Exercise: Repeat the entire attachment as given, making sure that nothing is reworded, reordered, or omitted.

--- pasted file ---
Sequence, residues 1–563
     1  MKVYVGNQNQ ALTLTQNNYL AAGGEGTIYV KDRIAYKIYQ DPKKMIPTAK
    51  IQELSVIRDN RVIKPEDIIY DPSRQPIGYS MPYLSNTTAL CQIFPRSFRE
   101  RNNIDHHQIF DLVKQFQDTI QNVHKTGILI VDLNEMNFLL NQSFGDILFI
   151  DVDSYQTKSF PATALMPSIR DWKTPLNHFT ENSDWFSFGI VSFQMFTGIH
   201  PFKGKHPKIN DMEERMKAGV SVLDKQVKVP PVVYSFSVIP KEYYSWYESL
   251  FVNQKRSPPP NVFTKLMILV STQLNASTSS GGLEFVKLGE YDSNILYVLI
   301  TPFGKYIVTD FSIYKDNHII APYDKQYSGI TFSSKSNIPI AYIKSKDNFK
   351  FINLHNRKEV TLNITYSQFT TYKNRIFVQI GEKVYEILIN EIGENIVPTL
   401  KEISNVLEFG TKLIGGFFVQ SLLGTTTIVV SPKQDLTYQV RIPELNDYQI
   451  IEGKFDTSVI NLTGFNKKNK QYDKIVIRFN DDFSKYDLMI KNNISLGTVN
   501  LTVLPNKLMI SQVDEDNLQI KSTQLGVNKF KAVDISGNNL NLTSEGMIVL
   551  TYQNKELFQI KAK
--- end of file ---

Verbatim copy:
Sequence, residues 1–563
     1  MKVYVGNQNQ ALTLTQNNYL AAGGEGTIYV KDRIAYKIYQ DPKKMIPTAK
    51  IQELSVIRDN RVIKPEDIIY DPSRQPIGYS MPYLSNTTAL CQIFPRSFRE
   101  RNNIDHHQIF DLVKQFQDTI QNVHKTGILI VDLNEMNFLL NQSFGDILFI
   151  DVDSYQTKSF PATALMPSIR DWKTPLNHFT ENSDWFSFGI VSFQMFTGIH
   201  PFKGKHPKIN DMEERMKAGV SVLDKQVKVP PVVYSFSVIP KEYYSWYESL
   251  FVNQKRSPPP NVFTKLMILV STQLNASTSS GGLEFVKLGE YDSNILYVLI
   301  TPFGKYIVTD FSIYKDNHII APYDKQYSGI TFSSKSNIPI AYIKSKDNFK
   351  FINLHNRKEV TLNITYSQFT TYKNRIFVQI GEKVYEILIN EIGENIVPTL
   401  KEISNVLEFG TKLIGGFFVQ SLLGTTTIVV SPKQDLTYQV RIPELNDYQI
   451  IEGKFDTSVI NLTGFNKKNK QYDKIVIRFN DDFSKYDLMI KNNISLGTVN
   501  LTVLPNKLMI SQVDEDNLQI KSTQLGVNKF KAVDISGNNL NLTSEGMIVL
   551  TYQNKELFQI KAK